The Internist’s Problem
This is the story of my life. As a detail oriented (read: Obsessive-Compulsive) Internal Medicine physician, I’m trained to sweat all the details, think through complex situations, and explain them as carefully as I can to my patients and colleagues. That’s what I’m good at.
Do you have a few hours? Let’s get into it! (Sorry, you’re right, this is a blog, just kidding).
The problem is, this is NOT the skill you need in organizational leadership. No one has time for an hour-long PhD dissertation. You get maybe 5 minutes, maybe just 10 seconds, to make your point in a board room, a steering committee.
Furthermore, as an introvert, I’m not good at punchy one-liners, off-the-cuff banter, deft debate skills to win over recalcitrant colleagues. What to do?
Don’t do THIS!
That is exactly what I did wrong in 2001. I helped conduct a research study to show that Open Notes and Open Results (releasing notes and test results online to patients) was safe and effective. I wanted to win over my colleagues in a large, multi-specialty University practice. I wrote a 17-page Q/A handout answering ALL POSSIBLE QUESTIONS. It did not go well. Maybe you heard of me and my disaster? –> My 16 year journey to Open Notes.
So, what to do?
In the intervening, wound-licking years, I developed a solution: the 1-PAGER. Other names you may hear me say: The Executive Summary, the SBAR (Situation, Background, Assessment, Recommendation; a format familiar to nurses, and their effective communication analog to the physician SOAP note).
General Principles of a 1-pager
- Don’t exceed one side of one page. This restriction forces clear thinking and writing, like a newspaper article with limited space, cutting away unnecessary words and information.
- The title should be specific and direct, START WITH WHY
- An executive summary, in 3-4 sentences, giving some nuance to WHY and WHAT needs to be done.
- Include both data AND ALSO stories and quotes. (Daniel Kahneman: “No one ever changed their mind because of a number. They need a story.”
- With every item on the page, ask yourself “Who is my audience? Do they care about this item? Does it help tell the story? Does this align with the audience’s or organization’s goals?” Slash ruthlesslessly.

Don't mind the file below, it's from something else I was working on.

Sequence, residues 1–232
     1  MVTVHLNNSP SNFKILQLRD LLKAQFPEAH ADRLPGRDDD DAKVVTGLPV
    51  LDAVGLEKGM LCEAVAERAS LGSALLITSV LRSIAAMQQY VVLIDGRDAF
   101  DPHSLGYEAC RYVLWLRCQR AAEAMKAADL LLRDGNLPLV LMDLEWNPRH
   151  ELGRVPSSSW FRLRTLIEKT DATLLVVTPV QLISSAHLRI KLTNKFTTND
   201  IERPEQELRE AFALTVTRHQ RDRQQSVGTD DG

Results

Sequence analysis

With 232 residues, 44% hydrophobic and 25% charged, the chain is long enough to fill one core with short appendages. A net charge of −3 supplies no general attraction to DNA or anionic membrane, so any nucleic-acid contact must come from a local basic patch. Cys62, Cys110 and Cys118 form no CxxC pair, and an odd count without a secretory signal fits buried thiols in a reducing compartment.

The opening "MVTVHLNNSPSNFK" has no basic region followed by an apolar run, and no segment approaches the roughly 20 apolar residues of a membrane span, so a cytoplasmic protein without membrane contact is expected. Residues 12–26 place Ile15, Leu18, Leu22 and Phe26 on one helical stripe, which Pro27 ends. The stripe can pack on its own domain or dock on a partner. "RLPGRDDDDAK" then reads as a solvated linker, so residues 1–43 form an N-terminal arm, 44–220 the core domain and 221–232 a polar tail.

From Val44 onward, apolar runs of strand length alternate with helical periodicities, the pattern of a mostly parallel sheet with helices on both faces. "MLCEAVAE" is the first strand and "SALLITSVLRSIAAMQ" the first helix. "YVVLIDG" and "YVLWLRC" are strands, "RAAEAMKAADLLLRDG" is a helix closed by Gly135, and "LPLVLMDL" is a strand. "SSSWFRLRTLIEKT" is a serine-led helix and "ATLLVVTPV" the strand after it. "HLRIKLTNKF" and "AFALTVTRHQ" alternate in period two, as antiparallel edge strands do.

- Include interesting graphics; no one will pick up a boring paper with dense small font, but a picture? or a curious graphic? Maybe you have a chance.
Here are some examples to consider
My 1-pager describing our move to adopting OurNotes patient questionnaire across 80 primary care clinics, about 400 primary care providers, where patients co-author their own progress notes. Proposal: accepted.
Download document: 2022-0208 OurNotes Patient Questionnaires Future Exec Sum
My 1-pager describing the benefits of our outpatient Sprint program, both data and stories: “I no longer seek early retirement to escape EMR.” Similar documents helped get Sprint teams funded.
Download document: 2018-08-ExecSum-Sprint-Aggregate
My 1 pager describing “How long will my IT/EHR request take?” Our leaders better understand why some things take a longer time than others.
Download document: 2020-0707 EHR Pyramid of Possibility CTL
My 1-pager advising patients what to expect when expecting a test result. Download document: 2020-1026-for-patients-getting-a-test-at-uchealth
My 1-pager advising clinicians how to avoid potholes in writing a progress note that will be read by patients. Notice: it is no longer 17 pages long. Download document: 2017-0904OpenNotesDocuTipsCTLin
Heres’ the thing. An expert knows a LOT of detail and has trouble holding back all those details. A beginner / learner / leader needs to know just enough to make a judgement whether to support a project or not. How can an expert adopt a beginner’s mind? Start with WHY, write a disciplined ONE PAGE argument, tell a STORY backed with data. Revise, revise, revise until it is clean, succinct, and passes muster with a colleague or mentor who is willing to critique your writing.
Oh, are you still reading? What is a PIG-let, you ask? One of my newer physician informatics colleagues, poking fun at our Large PIG / Small PIG meetings, wanted a PIG-let meeting, for the newbies. Cute. Like Tony Hsieh did, for Zappos in “Delivering Happiness”, I’m looking to build an on-boarding set of skills for our PIG-lets. Skills, tools, books.
CMIO’s take: What do you think? Have you tried this? Do you disagree? What has worked for you? 1-pagers for everybody!